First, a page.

Martin Truex Jr. gets a new set of wheels for Pocono Raceway

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The best car Martin Truex Jr. has driven this season in the NASCAR Sprint Cup Series is getting a well-deserved rest.

The No. 78 Furniture Row Chevrolet that Truex led 357 laps with over the past three points races (without earning a win) will be replaced by a new chassis for this weekend’s Axalta We Paint Winners 400 at Pocono Raceway.

Before the three-race stretch of Kansas Speedway (ninth), Charlotte Motor Speedway (sixth) and Dover International Speedway (fifth), Truex hadn’t led since Martinsville Speedway (23 laps) on March 29 but had earned a top-10 finish in every race except the April 19 race at Bristol Motor Speedway.

“It’s been a team effort all around,” Truex said in a release. “From our crew chief Cole Pearn, to his engineering staff to the road crew and to all the guys back at the Denver shop. They keep bringing me fast race cars week in and week out and that’s why we’ve been on a competitive roll.”

Through the first 13 races, Truex has led 389 laps, which already is his third-highest annual total in his 10 seasons as a full-time Sprint Cup driver. His career best is 581 in 2007 when he scored the first of two career victories and made the Chase.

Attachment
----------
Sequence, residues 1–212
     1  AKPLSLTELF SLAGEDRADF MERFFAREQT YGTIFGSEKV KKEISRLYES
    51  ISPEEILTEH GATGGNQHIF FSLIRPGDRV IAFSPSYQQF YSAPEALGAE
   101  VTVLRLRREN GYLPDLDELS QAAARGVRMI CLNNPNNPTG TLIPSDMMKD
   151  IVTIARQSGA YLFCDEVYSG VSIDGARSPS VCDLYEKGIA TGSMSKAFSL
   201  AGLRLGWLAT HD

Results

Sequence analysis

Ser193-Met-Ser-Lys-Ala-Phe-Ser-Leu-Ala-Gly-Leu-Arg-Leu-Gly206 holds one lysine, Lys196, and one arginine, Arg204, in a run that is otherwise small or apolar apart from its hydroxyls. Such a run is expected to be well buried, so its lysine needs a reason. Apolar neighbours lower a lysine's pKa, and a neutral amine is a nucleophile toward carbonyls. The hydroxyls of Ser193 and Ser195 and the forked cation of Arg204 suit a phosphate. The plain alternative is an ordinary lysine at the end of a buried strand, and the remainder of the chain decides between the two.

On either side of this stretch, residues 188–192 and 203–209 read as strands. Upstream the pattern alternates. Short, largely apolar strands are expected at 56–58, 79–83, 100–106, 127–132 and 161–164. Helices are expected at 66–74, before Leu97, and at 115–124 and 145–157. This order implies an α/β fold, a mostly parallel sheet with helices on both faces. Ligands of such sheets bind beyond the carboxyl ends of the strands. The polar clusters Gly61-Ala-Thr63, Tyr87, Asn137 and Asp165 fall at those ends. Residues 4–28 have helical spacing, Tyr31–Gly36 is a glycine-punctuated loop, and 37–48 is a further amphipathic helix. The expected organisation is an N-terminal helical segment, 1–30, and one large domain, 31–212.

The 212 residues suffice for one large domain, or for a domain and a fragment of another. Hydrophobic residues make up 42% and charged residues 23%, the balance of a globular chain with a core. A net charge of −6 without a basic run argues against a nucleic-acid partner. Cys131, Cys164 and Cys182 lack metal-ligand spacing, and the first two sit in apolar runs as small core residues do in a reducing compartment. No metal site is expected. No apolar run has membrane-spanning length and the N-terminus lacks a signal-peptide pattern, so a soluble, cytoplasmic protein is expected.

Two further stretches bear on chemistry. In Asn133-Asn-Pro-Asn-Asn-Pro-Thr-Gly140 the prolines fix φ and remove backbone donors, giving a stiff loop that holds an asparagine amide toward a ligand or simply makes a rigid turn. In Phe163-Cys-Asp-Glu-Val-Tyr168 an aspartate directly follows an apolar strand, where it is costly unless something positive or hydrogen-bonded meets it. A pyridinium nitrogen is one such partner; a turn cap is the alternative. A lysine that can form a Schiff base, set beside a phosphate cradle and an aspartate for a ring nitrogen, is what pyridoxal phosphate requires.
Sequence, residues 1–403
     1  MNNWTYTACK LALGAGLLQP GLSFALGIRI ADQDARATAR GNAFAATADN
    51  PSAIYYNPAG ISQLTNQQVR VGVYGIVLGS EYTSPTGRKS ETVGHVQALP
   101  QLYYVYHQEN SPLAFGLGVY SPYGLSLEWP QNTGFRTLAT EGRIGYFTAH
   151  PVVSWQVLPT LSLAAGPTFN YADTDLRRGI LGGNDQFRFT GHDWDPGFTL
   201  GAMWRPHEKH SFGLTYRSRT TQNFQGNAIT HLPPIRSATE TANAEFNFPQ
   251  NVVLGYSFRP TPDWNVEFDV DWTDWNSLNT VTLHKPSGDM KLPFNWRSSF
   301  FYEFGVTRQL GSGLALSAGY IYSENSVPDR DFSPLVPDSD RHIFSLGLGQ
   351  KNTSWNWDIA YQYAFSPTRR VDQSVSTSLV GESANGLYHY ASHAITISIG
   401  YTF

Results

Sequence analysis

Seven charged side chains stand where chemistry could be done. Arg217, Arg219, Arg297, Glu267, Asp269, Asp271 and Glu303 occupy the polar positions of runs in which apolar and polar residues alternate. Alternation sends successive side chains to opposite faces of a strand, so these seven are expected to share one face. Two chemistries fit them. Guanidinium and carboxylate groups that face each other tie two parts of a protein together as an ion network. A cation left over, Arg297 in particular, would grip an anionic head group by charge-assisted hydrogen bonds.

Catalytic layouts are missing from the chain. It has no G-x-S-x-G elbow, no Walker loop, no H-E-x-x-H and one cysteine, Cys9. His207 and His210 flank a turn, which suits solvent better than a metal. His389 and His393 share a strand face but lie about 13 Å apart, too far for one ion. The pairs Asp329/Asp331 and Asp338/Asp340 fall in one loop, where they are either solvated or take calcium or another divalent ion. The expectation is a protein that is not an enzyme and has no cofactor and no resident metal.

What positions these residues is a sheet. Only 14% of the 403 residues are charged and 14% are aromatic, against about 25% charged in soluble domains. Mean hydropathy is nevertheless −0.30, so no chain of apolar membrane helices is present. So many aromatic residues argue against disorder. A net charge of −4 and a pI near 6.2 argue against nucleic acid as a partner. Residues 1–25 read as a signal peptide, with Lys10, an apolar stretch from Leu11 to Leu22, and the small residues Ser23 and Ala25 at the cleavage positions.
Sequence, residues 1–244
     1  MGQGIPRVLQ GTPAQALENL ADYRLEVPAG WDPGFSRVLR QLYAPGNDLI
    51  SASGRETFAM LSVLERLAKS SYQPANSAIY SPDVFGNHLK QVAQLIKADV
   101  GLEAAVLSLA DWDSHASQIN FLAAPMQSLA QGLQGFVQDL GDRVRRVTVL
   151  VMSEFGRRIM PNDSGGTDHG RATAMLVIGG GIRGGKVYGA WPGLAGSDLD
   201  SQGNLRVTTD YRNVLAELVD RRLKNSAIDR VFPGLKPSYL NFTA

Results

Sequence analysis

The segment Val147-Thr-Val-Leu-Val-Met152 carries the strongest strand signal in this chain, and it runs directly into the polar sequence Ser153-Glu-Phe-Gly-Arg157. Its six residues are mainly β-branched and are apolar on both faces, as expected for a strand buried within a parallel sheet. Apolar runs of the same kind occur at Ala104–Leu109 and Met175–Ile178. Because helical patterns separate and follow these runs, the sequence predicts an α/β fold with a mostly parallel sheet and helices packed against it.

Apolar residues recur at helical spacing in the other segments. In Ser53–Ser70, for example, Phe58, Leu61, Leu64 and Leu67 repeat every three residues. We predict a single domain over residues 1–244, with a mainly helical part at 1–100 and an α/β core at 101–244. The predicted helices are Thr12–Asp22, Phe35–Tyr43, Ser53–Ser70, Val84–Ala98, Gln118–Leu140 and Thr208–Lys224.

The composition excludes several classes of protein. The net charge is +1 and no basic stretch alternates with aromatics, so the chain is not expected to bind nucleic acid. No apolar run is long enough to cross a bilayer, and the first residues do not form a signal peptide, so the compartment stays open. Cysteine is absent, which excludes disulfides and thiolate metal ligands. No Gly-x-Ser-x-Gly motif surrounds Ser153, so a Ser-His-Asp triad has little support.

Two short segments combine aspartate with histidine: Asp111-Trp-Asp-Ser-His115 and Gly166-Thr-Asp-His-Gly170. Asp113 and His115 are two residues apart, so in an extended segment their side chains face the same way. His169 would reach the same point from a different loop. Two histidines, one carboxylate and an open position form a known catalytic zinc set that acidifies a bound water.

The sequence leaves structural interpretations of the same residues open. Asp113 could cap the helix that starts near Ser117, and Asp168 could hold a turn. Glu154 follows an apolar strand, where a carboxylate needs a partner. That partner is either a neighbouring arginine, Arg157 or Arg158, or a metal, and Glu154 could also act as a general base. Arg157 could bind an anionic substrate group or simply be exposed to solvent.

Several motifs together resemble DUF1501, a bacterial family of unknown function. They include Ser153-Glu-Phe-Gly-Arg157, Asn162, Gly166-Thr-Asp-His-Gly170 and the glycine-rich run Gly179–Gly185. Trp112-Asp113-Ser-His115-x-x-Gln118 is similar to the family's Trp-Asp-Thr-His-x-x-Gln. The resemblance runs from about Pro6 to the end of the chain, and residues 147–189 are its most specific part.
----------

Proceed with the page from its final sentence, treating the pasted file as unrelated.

“We have run well at all different types of tracks this year, and hopefully we can continue that momentum in Pocono,” said Truex. “They call Pocono the tricky triangle, and that’s exactly what it is — tricky. If there were a track you would change the track bar setting on every turn it would most likely be at Pocono.”

Pocono has been fairly tricky to Truex in 18 career starts at the track. He has an average finish of 15.9 but two top-five finishes (in 2007, ’12) and six top 10s  (most recently a year ago).

Truex has yet to record a DNF at the 2.5-mile track, finishing 99.5 percent of the laps in his 18 starts.

“The hardest thing about Pocono is the tunnel turn, which is a very sharp and flat corner,” Truex said. “The racetrack is narrow and when you’re coming down that Long Pond straightaway you’re looking straight at the wall going the other way and you’re running 200 miles per hour and there’s not a lot of banking. It’s just an intimidating turn.”

Pearn said another new chassis could be ready for the June 14 race at Michigan International Speedway.